What do the crimes of Ray Tensing, Michael Slager, Brian Encinia and Dylann Roof all have in common? None are being called by their rightful name: racial terror, white supremacy, and lynching. While lynching exists in our laws, the other two do not, as charges a prosecutor can make in a court of law. Yet, over and over, throughout our history, Black men, Black women, Native Americans, people of Mexican descent, Asians, and even Jews were lynched.
In 2015, as we talk about mass-incarceration, racial profiling, and police brutality, we use terms that are far milder than the despicable acts they intend to describe. Ever since the senseless killing of Trayvon Martin, our daily news have been filled with new names; the names of newly killed Black American men and women. Occasionally, we’ve had our attention drawn to other kinds of victims, like Kelly Thomas, a white, homeless schizophrenic man who was beaten to death by Fullerton, California police officers who, eventually, were found not guilty by a jury.
But the majority of the killings we hear about and see on video are of Black victims of what I can only think of in terms of lynching. Lynchings, in the era of the New Jim Crow, are no longer done by hanging from a tree branch. The “Strange Fruit” are the bullet riddled, electroshock wracked bodies we see on our TV screens, as we saw in Natasha McKenna’s case in my former home county of Fairfax, Virginia.
Every few weeks, we move on to the new outrage and our memories of the terrible losses to families like the Martins, Garners, Browns, Browders, and so many others, just fade away, and we keep calling each new horror a killing or shooting. We are inured to the words killing and shooting. They’ve been in the American consciousness and lexicon from the very beginning.
When we use such terms, we lose the historical significance of these acts that keep getting repeated, day in, day out, week in, week out, month in, month out. One more death. BlackLivesMatter Each new slogan we learn, raises our consciousness a little higher, for a time, and then we are inured again.
After the massacre in Charleston, FBI Director Comey doubted the crime rose to terrorism. I agreed with him because in my mind, I could not equate what Roof did to what the Irish and Basque terrorist groups used to do in Europe. White supremacist racist hate, the physical expression of it, is different.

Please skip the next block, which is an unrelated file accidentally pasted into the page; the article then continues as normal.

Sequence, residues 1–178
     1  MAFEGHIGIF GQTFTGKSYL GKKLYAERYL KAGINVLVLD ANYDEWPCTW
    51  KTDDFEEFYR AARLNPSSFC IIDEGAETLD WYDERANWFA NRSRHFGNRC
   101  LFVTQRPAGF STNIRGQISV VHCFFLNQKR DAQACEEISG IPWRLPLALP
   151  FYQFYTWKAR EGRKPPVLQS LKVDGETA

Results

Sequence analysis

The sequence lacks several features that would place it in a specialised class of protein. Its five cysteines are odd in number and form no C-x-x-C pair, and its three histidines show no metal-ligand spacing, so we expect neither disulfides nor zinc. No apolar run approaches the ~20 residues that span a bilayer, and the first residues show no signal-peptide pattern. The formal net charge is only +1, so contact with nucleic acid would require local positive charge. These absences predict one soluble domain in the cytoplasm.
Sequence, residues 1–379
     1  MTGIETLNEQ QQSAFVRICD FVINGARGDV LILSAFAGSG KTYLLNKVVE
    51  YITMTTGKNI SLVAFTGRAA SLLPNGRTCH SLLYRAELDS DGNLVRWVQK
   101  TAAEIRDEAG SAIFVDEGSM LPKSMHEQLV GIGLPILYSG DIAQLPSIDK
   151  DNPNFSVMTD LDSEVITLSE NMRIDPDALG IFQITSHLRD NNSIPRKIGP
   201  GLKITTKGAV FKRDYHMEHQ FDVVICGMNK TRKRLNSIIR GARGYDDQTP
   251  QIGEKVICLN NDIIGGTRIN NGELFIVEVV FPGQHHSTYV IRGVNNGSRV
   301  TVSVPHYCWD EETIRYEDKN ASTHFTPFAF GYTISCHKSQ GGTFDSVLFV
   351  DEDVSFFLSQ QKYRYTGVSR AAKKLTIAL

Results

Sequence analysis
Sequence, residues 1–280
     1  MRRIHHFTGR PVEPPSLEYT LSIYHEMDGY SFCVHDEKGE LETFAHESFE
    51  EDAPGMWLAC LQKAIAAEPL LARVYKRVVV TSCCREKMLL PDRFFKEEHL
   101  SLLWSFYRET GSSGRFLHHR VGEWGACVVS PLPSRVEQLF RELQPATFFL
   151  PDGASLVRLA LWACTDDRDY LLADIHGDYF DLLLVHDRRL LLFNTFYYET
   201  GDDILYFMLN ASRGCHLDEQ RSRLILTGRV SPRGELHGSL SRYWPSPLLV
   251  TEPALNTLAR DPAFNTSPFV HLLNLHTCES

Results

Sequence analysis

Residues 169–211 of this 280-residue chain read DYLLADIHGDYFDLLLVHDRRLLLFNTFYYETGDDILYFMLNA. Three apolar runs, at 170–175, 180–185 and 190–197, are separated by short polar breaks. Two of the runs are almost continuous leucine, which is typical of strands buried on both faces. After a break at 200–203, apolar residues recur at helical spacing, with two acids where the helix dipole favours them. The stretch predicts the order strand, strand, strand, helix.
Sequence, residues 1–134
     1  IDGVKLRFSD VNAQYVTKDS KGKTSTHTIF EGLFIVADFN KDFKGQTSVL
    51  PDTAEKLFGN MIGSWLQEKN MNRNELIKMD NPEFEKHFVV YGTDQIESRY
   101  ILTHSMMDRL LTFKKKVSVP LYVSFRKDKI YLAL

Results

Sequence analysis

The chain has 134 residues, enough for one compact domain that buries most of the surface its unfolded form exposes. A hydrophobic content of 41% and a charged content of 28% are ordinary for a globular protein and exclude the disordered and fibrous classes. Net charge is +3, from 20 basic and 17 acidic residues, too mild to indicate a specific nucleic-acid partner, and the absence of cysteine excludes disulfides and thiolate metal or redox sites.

We need to begin calling these crimes by their rightful names, and prosecuting them using charges that accurately reflect the nature of the crimes perpetrated. Lynching. Race terrorist. Those are names that tell us what we need to know about the underlying reason for the crime. The kind of hate underlying supremacist behavior is unique. It needs to be recognized, called out, and punishment meted out accordingly.
We need to use the right words. They need to be accurate words. They need to be strong words; the kinds of words that help us keep our resolve to stamp out the behaviors that keep them in use.
Ray Tensing: Fired UC officer pays bond, freed from county jail – Story
CINCINNATI – Former University of Cincinnati police officer Ray Tensing has bonded out of jail.
He posted 10 percent of his $1 million bond, according to the Hamilton County Clerk of Courts website.
Maj. Charmaine McGuffey, of the Hamilton County Sheriff’s Department, said Tensing left the jail at about 6:45 p.m. He’d been under suicide watch during his time behind bars, she said.
People from all over the country offered to help pay the $1 million bond, Tensing’s attorney said Thursday.
Tensing pleaded not guilty to murder Thursday morning after he was indicted Wednesday for the shooting death of 43-year-old Sam DuBose. Body camera video shows Tensing shoot DuBose in the head during a July 19 traffic stop in Mount Auburn.
Tensing had to make a mandatory $100,000 surety payment – 10 percent of his $1 million bond – to secure his release until trial.
“Ever since the bond was set, I’ve received calls from around the country from people wanting to contribute to it,” attorney Stew Mathews said. “I think people feel like he’s getting railroaded here in Cincinnati. You’d have to be blind not to see that.”
Read the rest of this article on Ray Tensing: Fired UC officer pays bond, freed from county jail – Story
Officers at Sam DuBose scene involved in death of another unarmed black man
Two police officers who corroborated a seemingly false account of the fatal shooting of Samuel DuBose in Cincinnati were previously implicated in the death of an unarmed, hospitalised and mentally ill black man who died after he was “rushed” by a group of seven University of Cincinnati police officers.
Kelly Brinson, a 45-year-old mental health patient at Cincinnati’s University hospital, suffered a psychotic episode on 20 January 2010 and was placed inside a seclusion room at the hospital by UC officers. He was then shocked with a Taser three times by an officer and placed in restraints. The father of one – son Kelly Jr – then suffered a respiratory cardiac arrest and died three days later.
In court documents obtained by the Guardian and filed by Brinson’s family in a civil suit against UC police and the hospital, all seven officers are accused of using excessive force and “acted with deliberate indifference to the serious medical and security needs of Mr Brinson”.
According to the lawsuit, before Brinson was placed in restraints he “repeatedly yelled that slavery was over and he repeatedly pleaded not to be shackled and not to be treated like a slave”.
Five years before University of Cincinnati officers Eric Weibel and Phillip Kidd corroborated the seemingly false account of an officer now charged with murder, they helped as Kelly Brinson was shocked and shackled